Last week I took a red-eye flight from the West Coast to the Midwest because my dad had a health emergency. When I finally got to the hospital, I was tired and worried. I was greeted by complimentary valet parking (which was a great help because my elderly mom, who uses a wheel chair, was with me) and smiling volunteers.
I was in a hurry. My dad’s surgery was in less than ½ hour and I was rushing to see him before he went in. My dad was a high-risk patient, and there was real concern that he may not survive the surgery. Like many others, the hospital had undergone many additions over the years, and the hallways were maze-like.
A smiling volunteer helped me assist my mom from the car to a wheelchair and then guided us through the maze of hallways to the surgical floor. We arrived in time to see my dad, and even show him a few videos on my phone that his grandchildren had sent to boost his spirits. The short visit put him in a more positive frame of mind and made my mom and me feel more at peace with the situation.
A timely volunteer made the difference
If we had been just 10 minutes later, we would have missed him. Thanks to the volunteer’s guidance, we made it in time.
I know my experience isn’t unique. Hospital volunteers foster positive patient relations and do wonders to increase patient and family satisfaction. In this environment of budget cuts, the importance of volunteers is even more evident.
A new book, The Volunteer Management Handbook: Leadership Strategies for Success, edited by Tracy D. Connors and released last month, contains a wealth of information. Of particular interest is an entire chapter, “Social Media and Volunteer Programs,” written by Nancy Macduff. There’s a free summary of the chapter available as a pdf on the publisher’s site.
Using social media in volunteer relations
In the chapter, Macduff shares statistics from studies by the Nonprofit Technology Network (NTEN) that help set the stage for using social media in volunteer relations.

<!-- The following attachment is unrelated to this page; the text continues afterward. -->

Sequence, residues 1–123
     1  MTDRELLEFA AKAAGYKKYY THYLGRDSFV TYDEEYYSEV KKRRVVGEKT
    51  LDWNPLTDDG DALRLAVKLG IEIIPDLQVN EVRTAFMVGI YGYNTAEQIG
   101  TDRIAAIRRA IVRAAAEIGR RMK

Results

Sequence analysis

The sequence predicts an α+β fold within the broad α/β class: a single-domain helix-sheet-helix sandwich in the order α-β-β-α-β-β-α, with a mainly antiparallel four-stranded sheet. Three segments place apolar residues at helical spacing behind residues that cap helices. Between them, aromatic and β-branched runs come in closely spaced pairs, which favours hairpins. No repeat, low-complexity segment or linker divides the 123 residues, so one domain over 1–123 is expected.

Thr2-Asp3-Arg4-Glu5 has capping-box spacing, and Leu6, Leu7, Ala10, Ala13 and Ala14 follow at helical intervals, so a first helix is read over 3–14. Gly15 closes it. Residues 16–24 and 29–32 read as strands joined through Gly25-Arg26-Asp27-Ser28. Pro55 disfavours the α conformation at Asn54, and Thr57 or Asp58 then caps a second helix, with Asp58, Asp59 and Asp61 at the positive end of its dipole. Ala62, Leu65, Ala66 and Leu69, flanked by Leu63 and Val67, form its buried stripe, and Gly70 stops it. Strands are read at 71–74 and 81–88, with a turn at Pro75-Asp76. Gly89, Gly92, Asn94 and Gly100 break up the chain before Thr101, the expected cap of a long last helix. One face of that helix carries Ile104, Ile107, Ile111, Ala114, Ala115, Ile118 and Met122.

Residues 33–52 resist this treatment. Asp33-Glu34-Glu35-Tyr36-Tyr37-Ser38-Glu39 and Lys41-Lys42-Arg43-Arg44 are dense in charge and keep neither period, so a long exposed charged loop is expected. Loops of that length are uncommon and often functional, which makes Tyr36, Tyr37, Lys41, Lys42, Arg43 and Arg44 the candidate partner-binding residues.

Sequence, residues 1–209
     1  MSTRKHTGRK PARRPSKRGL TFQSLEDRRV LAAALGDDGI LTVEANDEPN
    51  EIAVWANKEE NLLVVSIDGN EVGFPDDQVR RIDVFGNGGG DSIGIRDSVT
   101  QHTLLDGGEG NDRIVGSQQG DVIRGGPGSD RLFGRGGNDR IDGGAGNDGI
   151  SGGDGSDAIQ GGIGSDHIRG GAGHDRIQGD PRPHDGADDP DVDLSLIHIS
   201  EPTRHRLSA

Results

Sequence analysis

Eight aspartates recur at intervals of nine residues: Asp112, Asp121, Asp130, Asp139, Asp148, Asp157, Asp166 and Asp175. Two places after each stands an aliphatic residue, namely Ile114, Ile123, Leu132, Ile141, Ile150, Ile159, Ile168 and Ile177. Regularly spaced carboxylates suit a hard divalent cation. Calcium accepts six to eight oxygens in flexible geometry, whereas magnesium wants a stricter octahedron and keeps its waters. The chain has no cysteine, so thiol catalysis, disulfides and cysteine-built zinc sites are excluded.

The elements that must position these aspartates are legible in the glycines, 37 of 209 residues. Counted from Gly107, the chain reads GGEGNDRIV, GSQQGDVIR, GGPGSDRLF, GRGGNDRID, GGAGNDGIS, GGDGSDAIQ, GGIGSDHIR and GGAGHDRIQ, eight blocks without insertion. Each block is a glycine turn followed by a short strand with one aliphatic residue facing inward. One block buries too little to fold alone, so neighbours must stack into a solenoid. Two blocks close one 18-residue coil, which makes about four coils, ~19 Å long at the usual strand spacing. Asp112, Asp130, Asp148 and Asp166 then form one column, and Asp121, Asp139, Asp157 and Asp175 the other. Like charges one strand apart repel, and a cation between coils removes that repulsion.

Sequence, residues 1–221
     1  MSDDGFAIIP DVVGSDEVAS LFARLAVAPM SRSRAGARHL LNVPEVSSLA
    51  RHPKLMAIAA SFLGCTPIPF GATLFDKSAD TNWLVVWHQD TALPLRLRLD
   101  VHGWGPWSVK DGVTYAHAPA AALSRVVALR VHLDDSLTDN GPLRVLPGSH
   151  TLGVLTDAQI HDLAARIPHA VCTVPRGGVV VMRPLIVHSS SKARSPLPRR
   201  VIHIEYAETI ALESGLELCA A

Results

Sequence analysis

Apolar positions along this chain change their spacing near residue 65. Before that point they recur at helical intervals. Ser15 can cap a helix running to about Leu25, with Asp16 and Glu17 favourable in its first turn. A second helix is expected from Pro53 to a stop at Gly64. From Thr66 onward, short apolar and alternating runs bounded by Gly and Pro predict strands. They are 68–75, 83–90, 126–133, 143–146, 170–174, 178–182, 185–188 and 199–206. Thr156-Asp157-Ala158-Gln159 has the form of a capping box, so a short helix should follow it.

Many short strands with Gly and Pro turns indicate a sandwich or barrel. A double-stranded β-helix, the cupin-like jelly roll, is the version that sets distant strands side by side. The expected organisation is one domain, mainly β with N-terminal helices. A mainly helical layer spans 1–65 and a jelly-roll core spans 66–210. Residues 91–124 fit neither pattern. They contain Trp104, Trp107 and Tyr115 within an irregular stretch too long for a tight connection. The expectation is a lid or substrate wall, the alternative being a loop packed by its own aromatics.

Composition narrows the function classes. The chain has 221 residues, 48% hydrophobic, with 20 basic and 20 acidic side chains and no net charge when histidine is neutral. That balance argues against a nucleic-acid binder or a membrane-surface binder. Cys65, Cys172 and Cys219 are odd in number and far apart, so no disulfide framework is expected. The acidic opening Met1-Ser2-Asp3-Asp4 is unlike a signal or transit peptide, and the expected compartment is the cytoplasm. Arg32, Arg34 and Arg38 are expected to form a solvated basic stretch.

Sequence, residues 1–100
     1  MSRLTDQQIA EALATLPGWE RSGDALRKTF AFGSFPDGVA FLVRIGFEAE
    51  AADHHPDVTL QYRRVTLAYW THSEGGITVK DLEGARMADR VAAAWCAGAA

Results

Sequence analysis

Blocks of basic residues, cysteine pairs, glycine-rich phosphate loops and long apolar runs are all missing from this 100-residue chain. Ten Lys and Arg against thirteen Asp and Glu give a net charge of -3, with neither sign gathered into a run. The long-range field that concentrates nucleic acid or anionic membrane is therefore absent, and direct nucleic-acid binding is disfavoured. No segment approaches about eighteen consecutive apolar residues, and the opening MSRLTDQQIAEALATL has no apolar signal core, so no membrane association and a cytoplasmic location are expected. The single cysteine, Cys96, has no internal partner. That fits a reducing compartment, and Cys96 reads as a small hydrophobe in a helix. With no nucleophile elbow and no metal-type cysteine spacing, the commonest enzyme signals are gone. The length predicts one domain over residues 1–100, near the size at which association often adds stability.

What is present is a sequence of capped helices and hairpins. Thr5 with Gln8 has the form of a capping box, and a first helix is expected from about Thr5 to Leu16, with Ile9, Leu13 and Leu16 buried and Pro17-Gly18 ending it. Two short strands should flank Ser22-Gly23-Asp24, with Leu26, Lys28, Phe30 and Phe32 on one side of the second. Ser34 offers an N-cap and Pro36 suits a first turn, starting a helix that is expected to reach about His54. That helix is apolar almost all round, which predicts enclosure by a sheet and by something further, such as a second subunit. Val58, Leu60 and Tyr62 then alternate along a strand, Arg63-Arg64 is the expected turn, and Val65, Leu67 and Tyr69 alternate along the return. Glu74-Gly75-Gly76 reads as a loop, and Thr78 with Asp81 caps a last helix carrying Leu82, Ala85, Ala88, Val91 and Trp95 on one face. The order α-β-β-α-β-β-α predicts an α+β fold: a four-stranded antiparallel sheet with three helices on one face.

Of the sectors where nonprofit organizations operate,14.5% are in health care. Macduff wrote, “It is clear that nonproﬁts and likely their volunteer programs see marketing and fundraising as appropriate uses of social media, but there seems to be timidity about crossing into other areas of usage such as blogs for volunteers to share experiences, Wikis to manage projects or meetings, or a Facebook page only for volunteers.”
Two reasons why nonprofits do not use social networking sites
Macduff advocates the use of social media to strengthen volunteer programs, and sites NTEN’s 2010 study that reported the reasons nonproﬁts do not use social networking sites: 47% say ‘‘lack of expertise,’’ and 32% say ‘‘insufﬁcient budget.’’
The last finding, “insufficient budget,” is exactly the reason using social media to strengthen hospital volunteer programs makes so much sense. Social media programs, once implemented, can be run with extreme cost efficiency.
When implementing social media training in other areas of the hospital, include volunteer relations and volunteers themselves. Considering the benefits of increased volunteerism and enhanced patient relations, social media programs directed at volunteers have the potential to have high impact returns.
How we help
Hive Strategies helps health systems create HIPAA-compliant online communities for better health, lower costs and greater loyalty.